The world's toughest shoes have a graphene sole
It you are a regular jogger, it's a pain in the pocket to have to keep replacing worn-out trainers.
Now 'miracle material' graphene, the thinnest material in the world and 200 times stronger than steel, can help joggers pound the pavements for longer.
It is said to last 50 per cent longer than rubber-soled shoes, which tend to hold up for 300 miles, or roughly two to three months, before needing to be replaced.
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It you are a regular jogger, it's a pain in the pocket to have to keep replacing worn-out trainers. Now graphene, thinnest material in the world and 200 times stronger than steel, can help joggers pound the pavements for longer
- In May 2016 a Chinese company created bendable smart phones made from graphene that could be worn like a futuristic bracelet.
- Graphene is also being used to fight superbugs: In March this year it was found that the wonder material could be used to fight infections if coated on surgeons' tools because of its germ-killing properties.
- Ribbons of the high tech material could even be strapped to plane wings to keep them free of ice in flight: In January 2016 scientists from Rice University proved that the material has electrothermal properties.
Graphene, which is the world's first two-dimensional material at just one atom thick, has been added to trainers by researchers at Manchester University – where it was first isolated in 2004.
While the result is a fairly expensive pair of trainers, priced at around £150 ($200), they are also said to have a better grip.
Dr Aravind Vijayaraghavan, reader in nanomaterials at the University of Manchester, said: 'Graphene is extraordinarily flexible, and can be bent, twisted, folded and stretched without incurring any damage.'
He added: 'Our unique formulation makes these outsoles 50 per cent stronger, 50 per cent more stretchy and 50 per cent more resistant to wear than the corresponding industry standard rubber without graphene.'
Scientists have already created the toughest 'little black dress' ever seen by adding graphene into clothing.
The material conducts electricity so can be used to make panels which monitor how fast someone wearing the dress is breathing, and changes the fabric's colour in response using LED lights.
Graphene, which is the world's first two-dimensional material at just one atom thick, has been added to trainers by researchers at Manchester University – where it was first isolated in 2004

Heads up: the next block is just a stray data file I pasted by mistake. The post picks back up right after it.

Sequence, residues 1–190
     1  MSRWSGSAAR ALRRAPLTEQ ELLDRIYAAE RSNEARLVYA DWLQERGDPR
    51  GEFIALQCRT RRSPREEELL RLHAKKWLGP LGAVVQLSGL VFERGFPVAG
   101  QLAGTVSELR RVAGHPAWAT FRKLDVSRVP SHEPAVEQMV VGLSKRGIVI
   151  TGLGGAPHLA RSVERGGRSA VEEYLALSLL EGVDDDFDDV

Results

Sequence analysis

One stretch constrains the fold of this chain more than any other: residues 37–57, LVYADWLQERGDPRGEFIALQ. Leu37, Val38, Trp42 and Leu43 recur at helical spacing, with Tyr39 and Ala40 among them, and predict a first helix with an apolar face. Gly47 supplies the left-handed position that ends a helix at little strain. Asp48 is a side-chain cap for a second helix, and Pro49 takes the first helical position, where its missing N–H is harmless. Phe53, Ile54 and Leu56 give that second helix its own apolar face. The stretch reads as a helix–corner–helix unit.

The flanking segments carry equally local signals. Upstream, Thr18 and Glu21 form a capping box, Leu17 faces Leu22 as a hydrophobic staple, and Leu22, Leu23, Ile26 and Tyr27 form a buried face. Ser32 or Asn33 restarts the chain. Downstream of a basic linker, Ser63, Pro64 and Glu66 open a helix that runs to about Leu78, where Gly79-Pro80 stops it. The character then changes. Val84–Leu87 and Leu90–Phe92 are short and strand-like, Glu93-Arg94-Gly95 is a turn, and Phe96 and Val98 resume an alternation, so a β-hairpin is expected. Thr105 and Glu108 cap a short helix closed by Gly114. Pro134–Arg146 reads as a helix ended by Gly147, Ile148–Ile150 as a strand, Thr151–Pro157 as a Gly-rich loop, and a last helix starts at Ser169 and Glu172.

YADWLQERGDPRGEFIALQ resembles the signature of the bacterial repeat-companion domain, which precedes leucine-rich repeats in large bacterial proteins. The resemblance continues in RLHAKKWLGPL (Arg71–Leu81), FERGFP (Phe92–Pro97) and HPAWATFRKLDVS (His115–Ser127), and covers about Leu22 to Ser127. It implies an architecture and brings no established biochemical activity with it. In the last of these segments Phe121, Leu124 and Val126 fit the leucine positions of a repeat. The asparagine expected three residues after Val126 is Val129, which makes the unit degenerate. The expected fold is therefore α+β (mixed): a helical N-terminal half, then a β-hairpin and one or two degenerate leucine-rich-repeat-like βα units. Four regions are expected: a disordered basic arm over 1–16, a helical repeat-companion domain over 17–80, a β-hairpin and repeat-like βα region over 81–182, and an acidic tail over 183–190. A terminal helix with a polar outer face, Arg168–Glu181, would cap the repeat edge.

The trainers, a collaboration with a sportswear brand, will go on sale next year.
John Brewer, professor of applied science at St Mary's University in London, said: 'Manufacturers have got better at making shoes last, and wear and tear can depend on someone's wright, but every time your foot hits the ground, two to three times the force of your body weight goes through the shoe.
'This is a difficult and expensive part of running, needing to replace shoes every few months, which can lead people to keeping trainers longer than they should.
'This is dangerous because they could end up 'pronating' – running with their ankle turned outwards – which can lead to an ankle injury.'
The scientists who first isolated graphene were awarded the Nobel Prize for physics in 2010.
A million times thinner than a human hair, the material is produced from graphite, which was first mined in the Lake District fells of northern England over 450 years ago.
While the result is a fairly expensive pair of trainers, priced at around £150 ($200), they are also said to have a better grip
The material, which is the strongest in the world, has already been added to sports cars, aeroplanes and medical devices.
Michael Price, marketing director of British sportswear brand inov-8, which teamed up with the University of Manchester on the trainers, said: 'Off-road runners and fitness athletes live at the sporting extreme and need the stickiest outsole grip possible to optimise their performance, be that when running on wet trails or working out in sweaty gyms.
'For too long, they have had to compromise this need for grip with the knowledge that such rubber wears down quickly.'
WHAT IS GRAPHENE?
Graphene is a single atomic layer of carbon atoms bound in a hexagonal network.
It not only promises to revolutionize semiconductor, sensor, and display technology, but could also lead to breakthroughs in fundamental quantum physics research.
It is often depicted as an atomic-scale chicken wire made of carbon atoms and their bonds.
Scientists believe it could one day be used to make transparent conducting materials, biomedical sensors and even extremely light, yet strong, aircraft of the future.
Similar to another important nanomaterial - carbon nanotubes - graphene is incredibly strong - around 200 times stronger than structural steel.